Structural violence, or silent violence, is built into a structure of power rather than caused by a particular agent. Corruption, impunity and negligence can also be considered varied forms of this violence. The degree of illegal actions on the part of every level of Brazilian government and their exemption from accountability imply that social injustices can be permitted without repercussion. Therefore, the government continues to engage in oppressive actions that disenfranchise and disempower the poor.
Having spent time studying and writing about structural violence, I am very aware of its incredible presence here in Marabá. There have been profound developments since the last time I was here. Last year, we had a choice of many different bars and restaurants running along the boardwalk. The majority of these businesses are now boarded up and appear deserted. They lost all of their customers to one bar that has quadrupled in size, thanks to a revamping from the Secretary of Culture’s new project “Cultura Faz Bem” “Culture is good for you”. As if culture is a pill you can take. Nightlife now centers on the plaza where this bar is located. The most outrageous advancement that has taken place in the campaign to revitalize “culture” is a law recently passed by the Secretary of Culture. The law states that all cultural events must be approved by the government before they can take place. I only learned of this in a conversation so I’m trying to uncover the details of the legislation and when it was put into place. Nonetheless, the oppressive and authoritative nature of the law screams structural violence. It ensures that culture becomes something defined by the government.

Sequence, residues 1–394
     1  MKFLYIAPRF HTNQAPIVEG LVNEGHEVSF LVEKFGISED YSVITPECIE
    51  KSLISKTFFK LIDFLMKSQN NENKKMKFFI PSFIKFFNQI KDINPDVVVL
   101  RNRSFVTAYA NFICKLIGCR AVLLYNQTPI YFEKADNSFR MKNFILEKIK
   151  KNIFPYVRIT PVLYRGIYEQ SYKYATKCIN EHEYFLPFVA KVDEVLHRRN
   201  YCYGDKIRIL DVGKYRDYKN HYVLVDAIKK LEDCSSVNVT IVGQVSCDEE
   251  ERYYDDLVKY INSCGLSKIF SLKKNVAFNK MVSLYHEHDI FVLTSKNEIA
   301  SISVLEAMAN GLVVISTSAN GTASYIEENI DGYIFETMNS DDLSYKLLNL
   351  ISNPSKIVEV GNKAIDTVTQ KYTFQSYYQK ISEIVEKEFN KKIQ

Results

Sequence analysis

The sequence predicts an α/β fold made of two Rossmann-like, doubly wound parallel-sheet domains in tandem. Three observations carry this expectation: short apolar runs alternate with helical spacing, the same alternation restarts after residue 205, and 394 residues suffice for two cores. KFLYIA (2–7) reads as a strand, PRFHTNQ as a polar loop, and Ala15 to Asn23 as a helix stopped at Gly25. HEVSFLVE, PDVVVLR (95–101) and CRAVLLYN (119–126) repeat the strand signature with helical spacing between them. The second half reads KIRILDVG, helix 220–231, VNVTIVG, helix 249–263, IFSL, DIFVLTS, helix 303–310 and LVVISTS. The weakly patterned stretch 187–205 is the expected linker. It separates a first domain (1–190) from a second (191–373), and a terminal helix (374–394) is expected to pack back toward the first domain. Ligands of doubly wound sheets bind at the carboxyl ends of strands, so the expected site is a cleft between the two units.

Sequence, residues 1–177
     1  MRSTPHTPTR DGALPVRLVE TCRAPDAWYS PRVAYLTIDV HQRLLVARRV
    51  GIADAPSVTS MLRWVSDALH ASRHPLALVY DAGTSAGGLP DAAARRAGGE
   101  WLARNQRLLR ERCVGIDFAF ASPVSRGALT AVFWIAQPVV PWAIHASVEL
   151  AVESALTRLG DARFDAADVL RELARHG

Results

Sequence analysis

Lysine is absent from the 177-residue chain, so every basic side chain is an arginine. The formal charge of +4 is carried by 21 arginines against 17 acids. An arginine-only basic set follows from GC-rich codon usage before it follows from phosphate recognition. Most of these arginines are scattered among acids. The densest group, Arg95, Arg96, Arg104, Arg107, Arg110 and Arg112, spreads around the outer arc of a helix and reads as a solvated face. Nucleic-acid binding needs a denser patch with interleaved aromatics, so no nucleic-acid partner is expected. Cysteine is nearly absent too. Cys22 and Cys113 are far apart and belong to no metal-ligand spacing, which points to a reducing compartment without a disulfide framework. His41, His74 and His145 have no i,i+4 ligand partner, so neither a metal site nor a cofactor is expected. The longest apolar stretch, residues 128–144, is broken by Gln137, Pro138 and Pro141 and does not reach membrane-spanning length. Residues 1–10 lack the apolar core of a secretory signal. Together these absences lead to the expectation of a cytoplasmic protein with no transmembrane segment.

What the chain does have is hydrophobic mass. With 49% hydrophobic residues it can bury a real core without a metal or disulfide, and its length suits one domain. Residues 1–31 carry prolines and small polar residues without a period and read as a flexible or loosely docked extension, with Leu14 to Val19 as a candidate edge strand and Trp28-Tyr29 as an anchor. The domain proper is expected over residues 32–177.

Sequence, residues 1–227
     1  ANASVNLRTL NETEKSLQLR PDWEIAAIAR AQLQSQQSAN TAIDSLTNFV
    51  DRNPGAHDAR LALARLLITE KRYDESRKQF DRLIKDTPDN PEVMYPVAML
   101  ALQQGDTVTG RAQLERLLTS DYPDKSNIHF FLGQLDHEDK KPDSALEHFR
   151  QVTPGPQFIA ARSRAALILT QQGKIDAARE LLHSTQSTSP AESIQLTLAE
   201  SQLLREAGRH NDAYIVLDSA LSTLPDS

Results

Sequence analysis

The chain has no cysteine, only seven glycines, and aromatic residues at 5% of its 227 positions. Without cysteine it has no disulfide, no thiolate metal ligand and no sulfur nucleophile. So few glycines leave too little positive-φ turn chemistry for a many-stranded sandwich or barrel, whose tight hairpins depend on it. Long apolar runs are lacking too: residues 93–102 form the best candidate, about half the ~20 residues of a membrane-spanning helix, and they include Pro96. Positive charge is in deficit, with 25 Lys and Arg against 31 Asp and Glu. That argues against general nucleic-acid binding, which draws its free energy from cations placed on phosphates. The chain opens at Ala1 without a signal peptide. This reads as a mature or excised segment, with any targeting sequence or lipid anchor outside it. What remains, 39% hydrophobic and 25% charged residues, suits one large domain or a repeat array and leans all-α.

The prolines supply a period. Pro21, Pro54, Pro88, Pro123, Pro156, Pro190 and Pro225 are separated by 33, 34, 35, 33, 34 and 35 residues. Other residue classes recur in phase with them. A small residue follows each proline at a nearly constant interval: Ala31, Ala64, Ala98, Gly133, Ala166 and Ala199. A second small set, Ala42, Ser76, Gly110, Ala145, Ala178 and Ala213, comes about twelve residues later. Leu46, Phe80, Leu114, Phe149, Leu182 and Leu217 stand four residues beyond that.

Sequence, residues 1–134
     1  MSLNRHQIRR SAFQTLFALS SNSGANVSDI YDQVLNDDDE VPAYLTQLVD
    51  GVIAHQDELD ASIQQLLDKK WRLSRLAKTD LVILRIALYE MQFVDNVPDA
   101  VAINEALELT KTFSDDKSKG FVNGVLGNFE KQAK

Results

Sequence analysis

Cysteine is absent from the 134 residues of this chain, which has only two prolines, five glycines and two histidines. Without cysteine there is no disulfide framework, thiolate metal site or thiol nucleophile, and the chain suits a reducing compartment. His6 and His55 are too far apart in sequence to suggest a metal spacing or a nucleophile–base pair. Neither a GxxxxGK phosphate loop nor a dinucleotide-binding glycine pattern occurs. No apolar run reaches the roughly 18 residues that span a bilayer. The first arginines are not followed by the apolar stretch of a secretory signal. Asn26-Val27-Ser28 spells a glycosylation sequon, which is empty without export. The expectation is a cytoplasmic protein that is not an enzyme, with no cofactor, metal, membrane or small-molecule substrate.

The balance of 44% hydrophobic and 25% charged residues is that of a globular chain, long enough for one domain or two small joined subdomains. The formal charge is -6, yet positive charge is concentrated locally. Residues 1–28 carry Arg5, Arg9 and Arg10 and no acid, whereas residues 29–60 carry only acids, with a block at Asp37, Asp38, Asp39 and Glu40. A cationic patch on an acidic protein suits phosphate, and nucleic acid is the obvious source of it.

If you didn’t know the deeper context, you would question my cynicism. The municipal government is promoting exciting cultural events for the people to enjoy and investing funds in improving bars- what’s wrong with that? The issue lies in the fact that the funding to make this possible is coming from Vale, the multinational that is gradually destroying Marabá. Funds are undoubtedly passed between Vale and the Secretary of State to make concerts (cultural events) possible. I find it hard to believe that corruption is not taking place here.Their partnership confirms the fact that an agenda is being promoted that benefits few at the expense of many. I am still trying to understand this complicated, interwoven relationship between Vale and the federal, state, and municipal government. Yet it is clear that they are carefully, deliberately, buying the support of the city and constraining the agency of its inhabitants. By organizing events every weekend, centering nightlife on their refurbished bars and buying all of the local newspapers, Vale is monopolizing the imagination. As mentioned in my last post, most of the people who recognize that it is taking place are too afraid to speak out.
Farmer, P., & Saussy, H. 2010. Partner to the poor: A Paul Farmer reader. Berkeley: University of California Press.
Gupta, Akhil. 2012. Red tape: Bureaucracy, structural violence, and poverty in India. Durham: Duke University Press.
Kingstone, Peter. 2012. “Economic Exclusion and the Shifting Patterns of Violence in Argentina and Brazil.” Pp. -143in Ascher, W. & Mirovitskaia, N. S eds. Economic development strategies and the evolution of violence in Latin America. New York: Palgrave Macmillan.